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an example of informational cascade game in oTree
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README.md

Information cascade game in oTree

The experiment is designed along the same line as the classic infomration cascade experiment by Anderson and Holt (2008). See a general description of what the information cascade in this wiki article.

The main feature of any cascade game is that the decisions are taken sequentially. The player takes the decision, and then the next one has in addition to other information the information of the decision of a previous player (or all or some previuos players).

The main technical issue here is that only one person in a moment of time should take the decision while the others should wait. As soon as s/he takes the decision, and leaves the page where the decision is made, another player is allowed to access the page, while all others are waiting for him. Etc.

The way we did it is by using channels and a custom-made Waiting Page. The subsession-level field room_busy serves as a block to prevent access to Choose.html (which is our decision page) by more than one player at a time.

As soon as a player accesses the page, the subsession.room_busy is set to True and everyone else waits in a previous WaitingRoom page.

Right after the player takes the decision, in before_next_page method, we unblock the room_busy. After than we collect all the channels of individual players who wait in the WaitingRoom and we send a signal to only one of them. This player is forwarded to the decision page, it blocks the room, and the cycle repeats.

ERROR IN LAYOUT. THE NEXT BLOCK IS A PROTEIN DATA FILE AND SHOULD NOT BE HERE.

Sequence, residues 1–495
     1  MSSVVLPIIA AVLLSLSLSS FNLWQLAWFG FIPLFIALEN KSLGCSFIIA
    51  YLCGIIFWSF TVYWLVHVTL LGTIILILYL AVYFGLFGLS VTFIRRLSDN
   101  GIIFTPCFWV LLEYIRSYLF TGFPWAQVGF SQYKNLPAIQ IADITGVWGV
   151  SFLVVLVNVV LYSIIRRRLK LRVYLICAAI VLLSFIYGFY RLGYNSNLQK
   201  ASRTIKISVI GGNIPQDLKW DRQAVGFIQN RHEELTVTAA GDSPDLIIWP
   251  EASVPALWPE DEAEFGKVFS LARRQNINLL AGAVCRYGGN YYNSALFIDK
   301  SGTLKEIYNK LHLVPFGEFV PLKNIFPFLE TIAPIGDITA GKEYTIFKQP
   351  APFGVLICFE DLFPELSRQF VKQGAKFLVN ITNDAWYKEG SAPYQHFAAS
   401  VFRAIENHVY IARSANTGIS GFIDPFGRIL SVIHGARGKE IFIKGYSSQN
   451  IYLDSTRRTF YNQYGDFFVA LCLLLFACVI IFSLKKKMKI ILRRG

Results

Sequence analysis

Technical issues to take into account before using in mTurk

This code is deliberately left as simple as possible. However if you'd like to run a full-scale online experiment using it, you should have two things in mind.

  1. The background logic of what's going now is the following: the guy enters the Choose room and the room is blocked for new arrivals until he leaves it. Everyone else waits in a Waiting Room. When he clicks 'Next' the room is unblocked, the code gathers all the channels of those waiting in the Waiting Room, and sends a signal to one of them forwarding him/her to the Choose room. The room is blocked again. And so on.

    However if in those milliseconds (or even seconds if connection is slow) between receiving a signal and being forwarded from the Waiting Room to the Choose room the guy leaves the experiment (or his connection is lost), then all the rest of those poor things waiting in the Waiting Room are stuck there for good. If you'd like to keep your mTurk reputation high, it is crucial to guarantee that this never happens.

    Thus, we need a background process that would check at the server side every n seconds that the Choose room is not empty, and if it is empty, it will pick someone from the waiting room and forward him there. One of the way to do it is by using any cronjob packages available for Django, like Celery or Huey. We personally used Django-background-tasks, launching process in background, and then terminating it when the server is shut down:

    import subprocess
    process = subprocess.Popen(['python', 'manage.py', 'process_tasks'], )
    def cleanup():
        process.terminate()
    
    atexit.register(cleanup)
  2. Second issue is really small and can be ignored, but still it's nice to have it in mind. If someone would really like to avoid waiting in the Waiting room, he or she can open now a Javascript console (available in most of modern browsers) and can type in there $('.form').submit();. and he will be forwarded to the decision page even if the Choose room is blocked. There will be many who would like to do it, but still it makes sense to block this kind of behaviour.

1: Anderson, L. R. and C. A. Holt (2008). "Information cascade experiments." Handbook of Experimental Economics Results 1: 335-343.

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